To his
credit, I do think Jim Fleeting, Director of Youth Development at the SFA, has got sensible and forward-thinking ideas but the nature of the SFA's hierarchy and the number of different governing bodies mean it is very difficult for them to implement a structure that we can all follow.

It was refreshing last year to hear new Dundee United Youth supremo Ian Cathro's plans for the Tannadice club when working closely with Craig Levein. Cathro insisted emphasis on development of a youngster's touch and technique in their early footballing years. Instead of 11-a-side games at 10 years-old, Cathro wants to implement small-sided games which develop ball control and first touch.

Perhaps, a wind of change is sweeping through Scottish Football like we're led to believe?

Perhaps, the 'old timers' still in charge of Youth Football clubs across Scotland are the problem and younger coaches like Ian Cathro need to be given the chance to implement fresh ideas into our national game? Perhaps, it's not about spending hundreds of pounds in getting coaching badges from the dinosaurs at the SFA, but 'football-minded' junkies who are ambitious and forward-thinking on youth football?

There are many questions which need answered. It's about time we begin to DEMAND answers. As fans of Scotland's Premier club, we're entitled to demand answers from the SFA and demand answers from Rangers Football Club.


Willboy2412 agrees re the Academy model:


I have the theory that we got here because we stopped producing the players and there are no signs of this changing soon, supposing it’s Rangers, Hearts, Hibs, Aberdee or Dundee Utd etc.  I believe there should be a structure in place whereby to gain entry to the SPL every club must have a youth academy based on the Barcelona and Ajax models where you must educate and train the players form the age of 11 onwards and this is based on a boarding school idea where clubs would take players on a Monday Morning 8am for school then taking for training and this continues through to when the players are even 18 and they can gain degree's and so and so on! I believe that this would provide the younger lads with an education and proper training 5 days a week with the option of keeping players overnight etc should they wish to do so!


I would also argue for a small fee to be paid (as is common in Europe) for all players to join SFA. This means that all registered players have to adhere to standards of coaching and anyone wishing to set up a team based solely on the collecting of trophies would be outside looking in. this might end the scene where lads play on full size pitches in the wind and rain; kicking a Mitre 5 as high as they can while parents shout and swear at them from the touchline. That would be ‘rogue football’ and its adherents would not be eligible for a place at an academy, or a cap for Scotland at any level.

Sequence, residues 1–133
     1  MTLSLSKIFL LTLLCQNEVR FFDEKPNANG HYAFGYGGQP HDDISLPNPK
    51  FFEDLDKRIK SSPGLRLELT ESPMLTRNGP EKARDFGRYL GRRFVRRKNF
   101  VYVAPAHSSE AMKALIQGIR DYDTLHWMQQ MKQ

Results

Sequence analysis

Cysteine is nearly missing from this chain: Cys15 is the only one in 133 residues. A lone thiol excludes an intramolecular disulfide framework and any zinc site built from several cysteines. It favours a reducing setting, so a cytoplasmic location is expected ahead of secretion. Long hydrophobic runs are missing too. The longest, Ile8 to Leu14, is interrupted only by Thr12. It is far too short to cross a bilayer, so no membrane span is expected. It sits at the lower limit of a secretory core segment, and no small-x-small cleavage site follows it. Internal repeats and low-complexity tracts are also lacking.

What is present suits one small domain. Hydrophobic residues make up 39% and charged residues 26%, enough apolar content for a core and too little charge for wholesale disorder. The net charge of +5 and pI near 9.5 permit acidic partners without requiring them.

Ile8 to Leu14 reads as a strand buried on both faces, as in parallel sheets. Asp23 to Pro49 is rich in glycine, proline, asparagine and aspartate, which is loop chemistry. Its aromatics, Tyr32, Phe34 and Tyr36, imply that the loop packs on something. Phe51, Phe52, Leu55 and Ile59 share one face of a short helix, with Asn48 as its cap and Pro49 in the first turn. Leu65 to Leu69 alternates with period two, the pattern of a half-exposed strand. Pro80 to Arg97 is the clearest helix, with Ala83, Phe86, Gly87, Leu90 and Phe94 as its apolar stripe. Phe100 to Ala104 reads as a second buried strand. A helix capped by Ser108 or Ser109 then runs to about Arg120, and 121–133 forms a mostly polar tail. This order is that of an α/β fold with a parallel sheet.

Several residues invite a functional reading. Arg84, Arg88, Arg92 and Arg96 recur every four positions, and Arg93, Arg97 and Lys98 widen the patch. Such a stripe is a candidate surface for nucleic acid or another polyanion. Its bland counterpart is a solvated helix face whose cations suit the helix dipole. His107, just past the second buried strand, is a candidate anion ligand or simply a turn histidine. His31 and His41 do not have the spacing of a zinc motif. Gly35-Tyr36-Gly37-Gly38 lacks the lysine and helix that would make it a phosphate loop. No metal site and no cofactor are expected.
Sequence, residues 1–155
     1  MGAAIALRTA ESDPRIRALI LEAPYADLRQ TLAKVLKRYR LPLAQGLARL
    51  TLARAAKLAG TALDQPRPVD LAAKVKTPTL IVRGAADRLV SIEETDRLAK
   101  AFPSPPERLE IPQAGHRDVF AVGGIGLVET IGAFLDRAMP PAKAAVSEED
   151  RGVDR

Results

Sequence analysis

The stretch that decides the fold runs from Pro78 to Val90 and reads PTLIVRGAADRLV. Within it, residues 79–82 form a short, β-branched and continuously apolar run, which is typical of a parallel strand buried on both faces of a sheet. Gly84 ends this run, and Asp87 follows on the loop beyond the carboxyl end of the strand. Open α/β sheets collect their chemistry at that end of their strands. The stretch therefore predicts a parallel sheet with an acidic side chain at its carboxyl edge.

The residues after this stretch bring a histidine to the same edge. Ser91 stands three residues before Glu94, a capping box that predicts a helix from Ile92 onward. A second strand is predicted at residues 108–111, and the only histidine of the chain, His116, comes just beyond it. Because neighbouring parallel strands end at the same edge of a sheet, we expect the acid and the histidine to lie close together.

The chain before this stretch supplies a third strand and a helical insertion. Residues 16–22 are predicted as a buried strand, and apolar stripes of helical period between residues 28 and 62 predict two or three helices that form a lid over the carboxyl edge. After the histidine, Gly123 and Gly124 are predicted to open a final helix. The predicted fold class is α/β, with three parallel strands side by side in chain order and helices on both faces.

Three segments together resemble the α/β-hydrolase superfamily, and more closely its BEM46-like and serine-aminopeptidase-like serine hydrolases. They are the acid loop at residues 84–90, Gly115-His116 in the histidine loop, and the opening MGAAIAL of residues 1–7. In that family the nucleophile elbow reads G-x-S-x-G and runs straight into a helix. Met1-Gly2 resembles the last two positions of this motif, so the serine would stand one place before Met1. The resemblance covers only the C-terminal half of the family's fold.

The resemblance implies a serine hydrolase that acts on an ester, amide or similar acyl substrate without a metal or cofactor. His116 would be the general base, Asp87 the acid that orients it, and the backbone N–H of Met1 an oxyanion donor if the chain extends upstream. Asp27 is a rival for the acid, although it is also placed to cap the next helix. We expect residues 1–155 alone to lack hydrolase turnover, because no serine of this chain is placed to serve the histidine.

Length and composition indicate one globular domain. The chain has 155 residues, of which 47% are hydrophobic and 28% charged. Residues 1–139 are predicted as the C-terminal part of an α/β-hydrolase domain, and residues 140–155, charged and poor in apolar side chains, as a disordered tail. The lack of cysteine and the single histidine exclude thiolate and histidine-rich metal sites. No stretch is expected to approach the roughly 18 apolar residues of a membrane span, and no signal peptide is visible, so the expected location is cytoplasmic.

So we’re getting somewhere at last. Aren’t we? The argument:


  • No full size pitches for our kids….or gravel…..or meaningless trophies at too young an age
  • Coaches being forced by the SFA / SPL to coach kids in a standardized way and not as they see fit….no ‘pockets of good practice’ but general good practice
  • SFA and clubs having academies which filter into regional centres and national centres – a talented lad in Wick can make his way to Inverness, to Perth and to Glasgow. This happens in France, Germany and elsewhere.
  • Learn from abroad…how do these strange foreign types manage to pass the ball, trap it and make space? The best guess it is learned and not inherited. So let’s learn from the people who taught them. Import talent OFF the field….get our youth coaches coached.
  • Link footballing excellent to education…try and forge links with schools, colleges and Universities. The benefits of healthier kids are legion….and kids with a better basic education will be better citizens.
  • An emphasis on pass and move; NO training without the ball. Players can start using the gym as they stop growing and settle into adulthood.
  • A Dutch university study showed that re-creating ‘street football’ would bring each kid three times as many touches of the ball per training session compared to youth training in England. This is now being adopted in Holland. The sessions are less structured and the kids ‘run about and enjoy the game’. This seems to lead to more participation, more touches, and more skill.


It is important that we don’t reinvent the wheel….the ideas are out there. It is crucial that we lose our introspective belief that we have little to learn. We should import ideas, talent and read these studies…..copy what works well. We cannot be afraid of change or of being seen as following where others lead.


In a Rangers sense I would add that we should expose our youth teams to far more games with foreign opponents (including hosting a youth tournament of our own), import foreign coaches for a term or two terms….bring in new ideas to the sessions. There is more to be learned from tough games against Arsenal, Boca Juniors and Ajax than a dominant season domestically. Add the dressing rooms, car parking spaces etc to Auchenhowie, get the UEFA licence, put up the temporary stands and let’s show we mean business by hosting the best teams in the world at each age group.


The problems:


  • Money. Who pays for academies? Who controls access to the players produced?
  • Can colleges and universities be encouraged to get involved when their existing funding is not secure?
  • Parents. Will they ‘let go’ and watch their son move from trophies and medals to a more cerebral approach with no parental coaching from the sidelines?
  • Ownership. Who leads? SPL? SFA? Clubs? They’ve spent decades hiding. Who is brave enough to step up and get the ball rolling? At all levels of our national game we have terrible leadership. Can this change?
  • Introspection. “We’ve always done it this way……that lad is too skinny….futsal is for poofs….we’ve nothing to learn from them….I’ve got a coaching badge, have you?” etc etc. Old habits die hard.


But we have to change. Or die. Our national game and our own club cannot buy success or leave to chance uncovering a player every few years who can actually trap the ball; we need to work towards a system where we produce these players regularly. Where someone like Danny Wilson is not considered a wunderkind but is of the level fans would expect to see emerging from our youth systems.